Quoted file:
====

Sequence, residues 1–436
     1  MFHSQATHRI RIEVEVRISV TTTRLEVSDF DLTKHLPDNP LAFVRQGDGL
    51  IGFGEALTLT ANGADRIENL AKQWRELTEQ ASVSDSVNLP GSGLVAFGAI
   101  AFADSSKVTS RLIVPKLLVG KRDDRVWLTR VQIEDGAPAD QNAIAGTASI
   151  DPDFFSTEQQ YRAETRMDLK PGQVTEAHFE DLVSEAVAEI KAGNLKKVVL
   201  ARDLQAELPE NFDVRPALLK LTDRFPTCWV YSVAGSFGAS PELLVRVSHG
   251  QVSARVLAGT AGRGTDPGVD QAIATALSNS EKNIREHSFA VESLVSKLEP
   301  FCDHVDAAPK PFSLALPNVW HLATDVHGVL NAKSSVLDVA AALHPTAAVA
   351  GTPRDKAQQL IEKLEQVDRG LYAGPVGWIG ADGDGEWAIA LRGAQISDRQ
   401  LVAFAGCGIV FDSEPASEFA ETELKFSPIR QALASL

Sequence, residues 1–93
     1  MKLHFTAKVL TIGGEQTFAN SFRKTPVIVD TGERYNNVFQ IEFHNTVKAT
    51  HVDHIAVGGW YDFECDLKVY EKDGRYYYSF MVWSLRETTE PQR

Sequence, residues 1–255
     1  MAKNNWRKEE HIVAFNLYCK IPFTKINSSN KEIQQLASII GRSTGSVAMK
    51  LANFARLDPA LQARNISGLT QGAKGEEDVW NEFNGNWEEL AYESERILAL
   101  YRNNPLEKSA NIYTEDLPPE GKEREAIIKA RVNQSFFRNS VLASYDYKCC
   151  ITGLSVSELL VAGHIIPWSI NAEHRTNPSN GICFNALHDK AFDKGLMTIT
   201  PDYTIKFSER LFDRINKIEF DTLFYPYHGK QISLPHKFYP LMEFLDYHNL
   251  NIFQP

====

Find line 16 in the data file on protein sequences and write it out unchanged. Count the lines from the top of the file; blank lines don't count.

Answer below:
    51  LANFARLDPA LQARNISGLT QGAKGEEDVW NEFNGNWEEL AYESERILAL